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Thursday and Friday of last week the Education and Revenue Committees met in an executive session on the subject of funding sources for K-12 public education. In 1990, the Legislature created the present Tax Equity and Educational Opportunity Support Act (TEEOSA) in reaction to pressure from overburdened property taxpayers. Twenty-five years later, and after many legislative changes to the TEEOSA formula, we are back to the same problem. But this time, the inequity is concentrated on rural school districts. Citizens in the Wallace and Hershey School districts receive no equalized state aid for their school children. North Platte receives $2,611 per student while the eleven school districts in the Omaha area Learning Community receive $3,806; Lincoln Public Schools receive $3,205, and Grand Island Public Schools receive $5,129. Last year 159 school districts out of 245, including Wallace and Hershey, received no equalized state aid.
This inequity in state funding for education is a major reason why property taxes are high in rural Nebraska.
There are options to correct the inequity in funding. Our state constitution declares that, “The Legislature shall provide for the free instruction in the common schools of this state…” and also says, “The state shall be prohibited from levying a property tax for state purposes”. Presently, 56,835 Nebraska children living in un-equalized school districts do not receive full support from the state to provide them free instruction. Rather, their education opportunity is paid for mostly by local property taxpayers. Creating a guarantee of foundation aid to each student would help fix the inequity and also enable rural school boards to lower the property tax bill to citizens. Secondly, removing the mandate that school boards must maintain a minimum tax rate to receive the full amount of state equalized aid or averaging adjustment aid, would allow local school boards to respond to taxpayers’ demands to lower the property tax burden. Finally, lowering the maximum tax levy 10 cents (i.e. to 95 cents) would give everyone property tax relief: homeowners, businesses, and agriculture. These changes would shift more of the cost to state government, where it belongs, and remove it from the backs of the property taxpayers. But any effort will be for naught, if first we do not slow down the growth of public education spending.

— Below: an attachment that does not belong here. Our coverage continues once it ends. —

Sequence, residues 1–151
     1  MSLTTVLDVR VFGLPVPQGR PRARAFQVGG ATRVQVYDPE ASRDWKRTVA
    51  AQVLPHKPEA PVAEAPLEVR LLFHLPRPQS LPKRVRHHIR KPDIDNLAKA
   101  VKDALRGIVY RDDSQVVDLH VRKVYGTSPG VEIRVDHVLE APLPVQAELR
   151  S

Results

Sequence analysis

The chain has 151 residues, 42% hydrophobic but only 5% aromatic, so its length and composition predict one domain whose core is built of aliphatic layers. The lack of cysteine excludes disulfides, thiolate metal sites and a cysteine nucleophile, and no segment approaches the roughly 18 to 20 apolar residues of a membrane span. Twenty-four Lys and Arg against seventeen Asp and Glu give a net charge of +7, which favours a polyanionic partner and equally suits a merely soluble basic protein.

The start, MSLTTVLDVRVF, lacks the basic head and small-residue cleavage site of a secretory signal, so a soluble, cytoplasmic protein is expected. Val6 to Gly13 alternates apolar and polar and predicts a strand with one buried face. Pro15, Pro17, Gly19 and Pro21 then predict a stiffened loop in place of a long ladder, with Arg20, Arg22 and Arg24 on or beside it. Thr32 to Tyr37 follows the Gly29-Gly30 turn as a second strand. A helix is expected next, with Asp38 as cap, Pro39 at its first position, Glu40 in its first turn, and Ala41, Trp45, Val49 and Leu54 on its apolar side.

Locally, the school district’s valuation increased by $117 million (5.9%); county wide the increase was $488 million (12.4%). Do not believe the scare tactics used by apologists for increased government spending. Local elected officials are quite capable of lowering your tax burden without hurting your child’s education or harming the public good.
The death penalty petition process has been successful, the citizens have spoken. With over 166,000 signatures gathered and only 114,000 actually needed, the voters will now be able to decide if the death penalty will remain an option for hideous crimes in our civilized society. After taking calls to my office by citizens trying to find where they could sign the petition, I decided to pick up a clipboard and join a contingent of local volunteers. We aided citizens’ access to a petition, thus allowing them to take part in their government. In Lincoln County, over 4201 citizens signed the petition, which was 1877 more than the necessary 10% needed. Other area counties where we presented the petition successfully were Chase, Deuel, Hayes, Thomas, Hooker, Hitchcock, Logan, and Custer. The debate will now begin and will end in the voting booths of the November 2016 election.
If you have any comments or issues that you wish to discuss, please contact our office at 402-471-2729.